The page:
Degree Conferred: Give Us More Money.
My Quinnipiac University M.B.A. diploma arrived by its solitary self today. Its story is the culmination of a two and half year experience that was anything but instructive, educational, pleasant, or professional.
You’ve been warned, diehards. School loyalty is a foreign concept to me.
My diploma’s arrival was the first official indication from the Quinnipiac University School of Business that I had graduated. Despite two and a half years of emailing, calling, and threading my way through an army of bored undergraduates being paid minimum wage or less to guard the M.B.A. program director’s office, I never got clear answers as to where I was in the M.B.A. program. Even in the final few months before I graduated law school, I could not verify if I had completed my M.B.A. requirements directly, and I had to go through the law school’s registrar to get anyone to talk to me.
The diploma arrived in a drab cardboard envelope. That envelope contained a single piece of paper – the diploma itself. There was no letter, no frame, etc. I simply shrugged and threw the envelope on the stack of books, tools, gun accessories, and other garbage weighing down my coffee table.
If any of my thousands of dollars went to funding this culmination, they were well spent to ensure that I am quietly done with an institution that I do not respect and I do not want anything more to do with in my life.
When I entered law school, I brought an undergraduate business major and some significant consulting experience to the table. I figured that I could brush up the old resume and perhaps pick up a few new concepts with an M.B.A. that would help me later down the line. Oh, how naive is youth!
Quinnipiac’s M.B.A. program was basically a carbon-copy regurgitation of my undergraduate curriculum at Liberty University. It was such a carbon copy that I gave up reading and studying for my M.B.A. classes and just did the work – a minor inconvenience in my daily routine. For the record, I still delivered a long string of A’s. I didn’t study for the capstone exam covering all of the material taught in the M.B.A. curriculum. I passed it easily. In short, I spent two and a half years chasing three letters rather than any new knowledge.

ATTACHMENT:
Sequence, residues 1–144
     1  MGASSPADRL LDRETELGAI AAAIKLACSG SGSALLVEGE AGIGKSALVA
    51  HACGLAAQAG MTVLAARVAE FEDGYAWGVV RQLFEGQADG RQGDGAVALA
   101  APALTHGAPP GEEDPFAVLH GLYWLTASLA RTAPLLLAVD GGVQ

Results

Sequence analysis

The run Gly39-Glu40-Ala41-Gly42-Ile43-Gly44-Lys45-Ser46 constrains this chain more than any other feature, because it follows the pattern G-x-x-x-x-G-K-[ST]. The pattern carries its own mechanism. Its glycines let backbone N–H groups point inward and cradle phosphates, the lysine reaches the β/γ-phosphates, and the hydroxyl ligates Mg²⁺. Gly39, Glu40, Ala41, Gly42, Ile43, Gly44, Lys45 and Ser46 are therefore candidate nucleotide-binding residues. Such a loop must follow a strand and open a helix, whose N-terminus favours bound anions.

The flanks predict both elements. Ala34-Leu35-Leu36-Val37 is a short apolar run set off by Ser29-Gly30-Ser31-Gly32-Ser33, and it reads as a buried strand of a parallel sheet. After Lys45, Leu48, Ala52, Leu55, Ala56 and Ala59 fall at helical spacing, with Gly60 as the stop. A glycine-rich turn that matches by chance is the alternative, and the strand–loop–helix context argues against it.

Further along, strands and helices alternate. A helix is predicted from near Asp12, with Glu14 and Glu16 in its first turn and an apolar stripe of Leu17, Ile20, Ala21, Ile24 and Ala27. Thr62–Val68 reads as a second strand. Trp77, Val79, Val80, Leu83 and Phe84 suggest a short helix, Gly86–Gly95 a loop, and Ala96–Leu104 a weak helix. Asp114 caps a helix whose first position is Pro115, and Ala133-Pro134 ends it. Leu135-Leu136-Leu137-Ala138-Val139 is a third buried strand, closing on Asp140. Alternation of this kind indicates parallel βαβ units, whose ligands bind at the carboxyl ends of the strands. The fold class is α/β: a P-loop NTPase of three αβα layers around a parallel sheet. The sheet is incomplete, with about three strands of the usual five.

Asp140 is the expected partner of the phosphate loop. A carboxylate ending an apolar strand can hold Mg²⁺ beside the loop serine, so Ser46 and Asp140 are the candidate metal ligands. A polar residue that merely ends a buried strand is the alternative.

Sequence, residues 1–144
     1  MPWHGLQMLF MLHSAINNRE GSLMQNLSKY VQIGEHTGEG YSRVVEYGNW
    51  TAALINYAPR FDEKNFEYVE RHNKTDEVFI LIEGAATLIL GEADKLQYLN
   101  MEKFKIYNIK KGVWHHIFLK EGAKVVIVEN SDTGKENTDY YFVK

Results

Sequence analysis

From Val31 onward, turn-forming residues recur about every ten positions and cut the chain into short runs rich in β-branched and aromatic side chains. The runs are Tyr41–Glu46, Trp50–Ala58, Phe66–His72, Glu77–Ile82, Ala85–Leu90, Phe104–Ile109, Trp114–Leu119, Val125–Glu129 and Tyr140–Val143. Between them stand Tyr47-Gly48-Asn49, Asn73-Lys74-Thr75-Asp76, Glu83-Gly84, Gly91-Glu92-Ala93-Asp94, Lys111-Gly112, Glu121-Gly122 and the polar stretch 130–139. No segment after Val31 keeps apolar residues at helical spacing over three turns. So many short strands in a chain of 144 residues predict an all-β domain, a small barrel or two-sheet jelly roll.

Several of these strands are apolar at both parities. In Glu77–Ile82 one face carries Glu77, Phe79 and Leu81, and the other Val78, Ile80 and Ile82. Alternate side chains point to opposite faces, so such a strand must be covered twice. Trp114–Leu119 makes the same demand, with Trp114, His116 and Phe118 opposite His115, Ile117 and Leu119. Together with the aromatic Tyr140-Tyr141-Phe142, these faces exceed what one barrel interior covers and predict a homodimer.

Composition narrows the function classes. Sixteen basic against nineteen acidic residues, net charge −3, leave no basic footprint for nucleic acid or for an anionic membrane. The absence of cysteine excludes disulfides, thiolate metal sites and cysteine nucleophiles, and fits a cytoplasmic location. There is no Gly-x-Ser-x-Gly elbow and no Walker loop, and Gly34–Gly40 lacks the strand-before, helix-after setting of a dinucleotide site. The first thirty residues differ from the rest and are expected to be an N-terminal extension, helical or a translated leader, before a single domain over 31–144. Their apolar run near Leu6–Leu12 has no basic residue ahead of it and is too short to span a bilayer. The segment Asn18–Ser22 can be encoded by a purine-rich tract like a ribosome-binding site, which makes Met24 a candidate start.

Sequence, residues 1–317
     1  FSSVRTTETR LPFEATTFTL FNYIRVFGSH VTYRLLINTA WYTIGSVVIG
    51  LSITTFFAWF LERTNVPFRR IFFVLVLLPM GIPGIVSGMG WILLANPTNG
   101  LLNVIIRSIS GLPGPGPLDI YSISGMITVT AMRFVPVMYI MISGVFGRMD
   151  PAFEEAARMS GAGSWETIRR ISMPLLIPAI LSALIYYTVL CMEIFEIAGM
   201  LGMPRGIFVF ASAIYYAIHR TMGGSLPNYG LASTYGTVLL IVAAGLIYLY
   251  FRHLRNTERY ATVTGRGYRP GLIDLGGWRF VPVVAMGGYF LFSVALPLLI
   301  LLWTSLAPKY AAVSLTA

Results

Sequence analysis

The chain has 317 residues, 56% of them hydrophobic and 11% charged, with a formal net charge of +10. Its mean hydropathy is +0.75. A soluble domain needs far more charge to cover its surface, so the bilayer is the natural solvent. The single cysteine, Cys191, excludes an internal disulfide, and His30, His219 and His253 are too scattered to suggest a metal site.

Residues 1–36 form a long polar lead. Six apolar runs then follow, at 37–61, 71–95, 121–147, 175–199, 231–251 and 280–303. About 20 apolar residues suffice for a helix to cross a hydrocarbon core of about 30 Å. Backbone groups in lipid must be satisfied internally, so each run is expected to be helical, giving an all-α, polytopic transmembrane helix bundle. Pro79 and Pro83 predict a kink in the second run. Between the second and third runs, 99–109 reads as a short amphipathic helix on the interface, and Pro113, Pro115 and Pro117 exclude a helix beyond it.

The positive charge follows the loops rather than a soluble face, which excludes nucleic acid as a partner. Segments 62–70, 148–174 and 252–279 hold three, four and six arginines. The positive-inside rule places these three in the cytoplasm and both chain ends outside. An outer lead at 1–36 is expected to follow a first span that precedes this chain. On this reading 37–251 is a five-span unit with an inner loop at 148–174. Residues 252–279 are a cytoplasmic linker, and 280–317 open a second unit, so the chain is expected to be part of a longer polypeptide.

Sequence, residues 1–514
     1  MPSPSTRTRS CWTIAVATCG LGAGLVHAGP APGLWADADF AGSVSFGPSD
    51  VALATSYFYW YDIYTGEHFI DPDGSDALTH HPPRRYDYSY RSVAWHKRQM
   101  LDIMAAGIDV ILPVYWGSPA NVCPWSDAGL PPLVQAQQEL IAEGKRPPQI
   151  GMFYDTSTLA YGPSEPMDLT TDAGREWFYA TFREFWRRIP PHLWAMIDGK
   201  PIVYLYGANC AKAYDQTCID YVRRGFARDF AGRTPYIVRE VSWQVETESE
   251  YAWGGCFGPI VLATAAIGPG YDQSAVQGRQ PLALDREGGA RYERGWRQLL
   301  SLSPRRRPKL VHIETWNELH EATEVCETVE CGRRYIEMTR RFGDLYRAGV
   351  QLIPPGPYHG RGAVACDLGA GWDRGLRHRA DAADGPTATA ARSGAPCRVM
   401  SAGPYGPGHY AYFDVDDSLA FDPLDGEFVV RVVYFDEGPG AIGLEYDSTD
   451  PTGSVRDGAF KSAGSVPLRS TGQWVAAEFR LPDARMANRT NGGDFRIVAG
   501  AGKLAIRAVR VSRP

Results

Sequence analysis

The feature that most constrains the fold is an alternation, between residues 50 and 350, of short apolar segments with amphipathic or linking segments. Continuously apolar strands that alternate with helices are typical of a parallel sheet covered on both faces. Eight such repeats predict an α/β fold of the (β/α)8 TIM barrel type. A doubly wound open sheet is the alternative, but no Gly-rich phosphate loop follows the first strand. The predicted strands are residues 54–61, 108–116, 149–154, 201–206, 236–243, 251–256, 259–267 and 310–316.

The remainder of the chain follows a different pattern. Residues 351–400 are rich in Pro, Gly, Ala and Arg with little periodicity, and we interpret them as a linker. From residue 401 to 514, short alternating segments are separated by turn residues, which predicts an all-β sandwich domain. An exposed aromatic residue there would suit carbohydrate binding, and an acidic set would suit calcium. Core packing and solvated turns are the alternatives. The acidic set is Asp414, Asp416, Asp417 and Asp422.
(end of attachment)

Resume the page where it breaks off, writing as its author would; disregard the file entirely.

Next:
I watched professors recognize that they had a class full of undergraduate business majors and go through the motions of teaching each lecture. Only two out of the 10-12 professors that I encountered cared about ensuring that their students grasped substance – Mohammad Elahee and Osman Kilic.
I watched professors realize that people didn’t belong in their class and subtly advise the entire class on how to cheat assessments to ensure that the class did not become a disaster. Knock if you dare, Quinnipiac. I am not inclined to, and most likely won’t, play ball. You won’t knock though because you’re complacent in the institutional rot.
I watched classrooms fill up with people who were also chasing three letters but didn’t want to be there. In other words, it was no Athens where students would demand more from their professors, and it was no boot camp where professors would brow-beat effort out of their students if they had to.
Mirth rarely finds me when anything having to do with Quinnipiac University interacts with my senses, but I couldn’t help but chuckle when I realized that I literally spent almost $40,000 to have an easier time of it in law school. The joint J.D./M.B.A. program shaved courses off my law degree because I was ostensibly receiving instruction in business as well. Instead, I was coasting through business school and using the extra time to bust my tail to contribute to journals – internal and external – and competition teams.
Perhaps, I am the fool on this side of the past three years. Perhaps, that’s precisely what the administrative conglomerate over at Quinnipiac intended. If so, I got willingly played for a sucker.
I digress. I can pay for my own diploma frame. While even my vanity wouldn’t compel me to display my M.B.A. as a symbol of elitism, the hoi polloi may be more willing to fork over Uncle Benjamins when they see it, and my people have had a long history of being unable to argue with green.
So I googled diploma frames, and I saw that every university and college in Connecticut sells them including Quinnipiac, which does not price its graduate diploma frames less than $200. That explains the $5 dollar cardboard envelope, said I.
I’ll buy the instrument of my vanity or shysterism somewhere else. When the alumni donation committee comes knocking, I have two words for them: Get Lost.
Let the chase begin.